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The House of Cards Guide to Leadership

The fictional Congressman Underwood may be ruthless, but he's effective. Here's how to steal some of his tactics.
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Nice guys never finish first.

This is probably the morale you take away from the protagonist of the wildly successful Netflix series, House of Cards, an overly ambitious, power hungry and manipulative congressman from South Carolina named Francis Underwood (played beautifully by Kevin Spacey). While mostly cliché, the show does a fantastically addictive job dramatizing the congressman’s accession to power on Capitol Hill as he maneuvers through the sea of egos and ambitions of fellow politicians. And while the congressman regularly employs a number of questionably unethical and immoral power grabs, he is remarkably effective in their execution.

The lessons from the show shouldn't be lost in the guilty pleasure you feel for appreciating his methods. Below are five leadership lessons we can learn from the fictional congressman.

1. Build a network that works for you.

Underwood understands well the playing field on which he games, and he heavily invests his time in surrounding himself with the people who can help him, even if at personal cost. More importantly, he doesn't waste time with and often removes people who are not useful or can ultimately hold him back from his goals. (Of course, I am not advocating that you use his methods to "remove" them.)

2. Understand people’s strengths and motivations.

Underwood excels at identifying the strengths and weaknesses of the people he surrounds himself with, and he understands well that all of his peers in politics have ulterior motives. He leverages this knowledge to motivate and get the best (or worst, as the case may be) from these people and does what is necessary to get the right people in the right place at the right time.

3. Don't alienate a potential future ally.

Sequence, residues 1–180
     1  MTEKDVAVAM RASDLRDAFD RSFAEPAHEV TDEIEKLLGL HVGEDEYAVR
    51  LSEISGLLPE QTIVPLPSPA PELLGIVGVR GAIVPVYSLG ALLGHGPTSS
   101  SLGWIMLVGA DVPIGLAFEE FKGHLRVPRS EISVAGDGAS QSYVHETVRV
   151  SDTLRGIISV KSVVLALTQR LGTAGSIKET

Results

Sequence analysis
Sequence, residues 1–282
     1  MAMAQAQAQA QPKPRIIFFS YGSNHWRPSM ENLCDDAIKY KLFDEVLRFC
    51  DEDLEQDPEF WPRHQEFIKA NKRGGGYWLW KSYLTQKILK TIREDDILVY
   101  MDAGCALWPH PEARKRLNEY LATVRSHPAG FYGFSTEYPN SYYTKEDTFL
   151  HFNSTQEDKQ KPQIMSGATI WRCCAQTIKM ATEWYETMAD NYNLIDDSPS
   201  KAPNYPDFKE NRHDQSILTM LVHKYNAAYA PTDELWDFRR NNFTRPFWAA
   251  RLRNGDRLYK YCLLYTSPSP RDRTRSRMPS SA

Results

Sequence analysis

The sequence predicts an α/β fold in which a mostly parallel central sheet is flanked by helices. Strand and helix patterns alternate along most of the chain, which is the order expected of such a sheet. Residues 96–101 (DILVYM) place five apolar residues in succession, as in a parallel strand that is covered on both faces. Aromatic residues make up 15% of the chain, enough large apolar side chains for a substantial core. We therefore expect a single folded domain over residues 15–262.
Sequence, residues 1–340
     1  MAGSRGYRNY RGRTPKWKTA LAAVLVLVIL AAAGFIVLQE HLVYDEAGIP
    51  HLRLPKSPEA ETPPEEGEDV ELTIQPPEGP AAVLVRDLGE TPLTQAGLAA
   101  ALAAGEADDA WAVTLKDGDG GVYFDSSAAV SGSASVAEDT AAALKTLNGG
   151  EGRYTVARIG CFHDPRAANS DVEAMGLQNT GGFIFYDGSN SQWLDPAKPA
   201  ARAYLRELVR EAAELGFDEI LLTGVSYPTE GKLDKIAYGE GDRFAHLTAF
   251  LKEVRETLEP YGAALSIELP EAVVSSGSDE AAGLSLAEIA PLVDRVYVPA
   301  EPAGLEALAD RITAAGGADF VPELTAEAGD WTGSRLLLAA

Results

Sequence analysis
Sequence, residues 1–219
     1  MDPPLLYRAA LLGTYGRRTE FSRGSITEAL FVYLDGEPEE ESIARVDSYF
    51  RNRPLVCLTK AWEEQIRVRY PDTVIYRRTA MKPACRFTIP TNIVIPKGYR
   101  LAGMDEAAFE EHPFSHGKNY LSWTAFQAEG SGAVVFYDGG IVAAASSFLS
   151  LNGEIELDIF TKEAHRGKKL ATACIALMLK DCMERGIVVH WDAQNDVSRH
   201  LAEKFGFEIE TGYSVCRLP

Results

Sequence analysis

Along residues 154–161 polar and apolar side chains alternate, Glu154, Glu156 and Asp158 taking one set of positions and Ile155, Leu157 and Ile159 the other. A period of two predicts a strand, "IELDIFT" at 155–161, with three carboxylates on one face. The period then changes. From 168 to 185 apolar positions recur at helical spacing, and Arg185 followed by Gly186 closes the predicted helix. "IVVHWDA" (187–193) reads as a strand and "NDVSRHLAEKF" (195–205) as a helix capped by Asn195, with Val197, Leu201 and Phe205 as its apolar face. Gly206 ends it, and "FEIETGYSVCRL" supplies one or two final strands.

Diplomacy is an important characteristic of any politician. Granted, Underwood’s diplomacy borders on maniacal manipulation, but the end goal is the same. Understanding the motives and ambitions of everyone around him, he carefully plods through the complicated waters of politics while furthering his own agenda. And while this may come at the cost of compromise or consolation, his long term goal is his only priority.

4. Always have a Plan B.

When Underwood's key ally is backed into a seemingly unwinnable situation, the Congressman says, "If you don’t like how the table is set, turn the table over." Being able to effectively control the conversation and, when necessary, turn the tables requires great skill, diplomacy and influence. Of course, Underwood is particularly effective in adding manipulation to the formula.

5. Stay focused on the end goal.

The congressman always puts his goals ahead of his emotions, with a stoic indifference to revenge, grunges and petty bickering. Ultimately, he has one goal (the White House), so even when faced with personal challenges and threats, he calculates his actions based on what will suit him long term.

Overall, Underwood teaches us that success comes from excruciatingly calculated and effectively executed long term strategies. And while you might feel guilty, or even a little sullied, for taking management and leadership tips from a cold and manipulating political stereotype, understand that you don’t need to be malicious in the execution. As you watch Underwood’s accession into power, there is a clear sense of impending doom. Implemented with empathy and compassion, these business lessons can be effectively leveraged in a good way, making you the good guy instead of the villain.

Because as we all know, in the end, nice guys do finish first.

Are you a House of Cards fan? Please share some of the business lessons you’ve learned from the show below.

 

Last updated: Mar 14, 2014

PETER GASCA | Co-founder of WildCreations.com

Peter Gasca is the co-founder of Wild Creations, an Inc 5000 company that focuses on kid-related products and supports kid entrepreneurs. He is also a small-business consultant, youth entrepreneur mentor, and business adjunct lecturer.




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